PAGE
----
"I think it's great," said Carlos Pena of the Reds' idea. "It promotes team unity, everybody being on the same page. I think it's very smart."
The Rays haven't extended a similar offer to their players, but like the idea of developing better communication inside their clubhouse.
Joel Peralta, who hails from the Dominican Republic, recalled how difficult day-to-day living was for him when he first started playing professional baseball and did not speak English.
"It was really, really bad," said Peralta, who now speaks English well. "I couldn't order food. I couldn't go places I wanted to go. I mean, I have always had to rely on somebody else to get what I wanted. It would have been nice to have [English-speaking] teammates who could also talk Spanish."
Peralta said Latino players appreciate the effort when they see their English counterparts trying to learn Spanish.
"Not only do we appreciate their effort, but it's good for them, too," Peralta said. "[Evan] Longoria and B.J. Upton, they've been learning Spanish."
Longoria liked the Reds' idea.
"I think it's really cool," Longoria said. "I mean, shoot, we could go out and get [Rosetta Stone] ourselves, so I would never ask the club to do it. But that would be awesome if more clubs were involved in teaching the players that wanted to learn, the players that were interested in learning. I think that would be pretty cool."
Longoria has been working on his Spanish, with Pena serving as a mentor.
"Knowing how to speak Spanish is a valuable tool," Longoria said. "I thought about getting Rosetta Stone, but we've got Carlos, he's a great teacher. It is pretty cool to have somebody who is willing to teach you and then kind of interact."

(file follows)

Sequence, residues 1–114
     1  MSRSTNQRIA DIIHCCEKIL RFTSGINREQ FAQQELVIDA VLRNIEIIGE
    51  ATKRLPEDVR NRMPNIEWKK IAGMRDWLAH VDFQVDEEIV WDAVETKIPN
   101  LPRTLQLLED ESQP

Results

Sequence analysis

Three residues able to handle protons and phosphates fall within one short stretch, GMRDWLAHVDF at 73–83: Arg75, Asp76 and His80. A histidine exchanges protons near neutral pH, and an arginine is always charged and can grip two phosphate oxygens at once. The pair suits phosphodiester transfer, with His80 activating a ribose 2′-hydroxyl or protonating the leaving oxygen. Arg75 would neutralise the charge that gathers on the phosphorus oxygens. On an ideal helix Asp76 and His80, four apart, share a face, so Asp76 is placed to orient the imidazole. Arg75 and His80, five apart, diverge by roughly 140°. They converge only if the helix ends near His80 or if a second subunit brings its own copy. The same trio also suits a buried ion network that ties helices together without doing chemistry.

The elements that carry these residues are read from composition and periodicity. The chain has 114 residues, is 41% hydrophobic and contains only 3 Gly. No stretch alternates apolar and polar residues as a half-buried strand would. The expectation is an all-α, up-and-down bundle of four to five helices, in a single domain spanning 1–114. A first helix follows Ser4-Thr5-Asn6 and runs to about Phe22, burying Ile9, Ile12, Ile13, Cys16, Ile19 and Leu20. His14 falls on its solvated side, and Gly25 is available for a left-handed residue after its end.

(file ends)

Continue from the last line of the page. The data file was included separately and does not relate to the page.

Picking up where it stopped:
Longoria said he has hardly mastered the language, but Pena gives the Rays' third baseman more credit.
"He's actually very impressive," Pena said. "He's got great pronunciation and a willingness to learn."
Longoria has received positive reactions from Latino players when he has tried to communicate with them in their native tongue.
"It's funny to see the players on the other teams when you can have just a simple conversation, a 'Hey how are you?' And they say, 'I didn't know you spoke Spanish.' Or, 'You sound like your accent is very good, like you've been practicing.' That's pretty cool. It definitely is like a sign of respect. Or a sign that you care about their culture and it's not just an American game."
Joe Maddon has Rosetta Stone on his computer and he said that on the surface "it's a great idea."
"Giving it to somebody is one thing, it's another thing to use it," Maddon said. "It's not easy to study another language, but I think it's a great attempt.
"When it comes down to learning another language, it's not easy to do. You have to be committed to doing it. And you have to be truly interested in it, because it's not easy to do. And that's why I really respect the Latin kids that speak English well, because I know how difficult that is."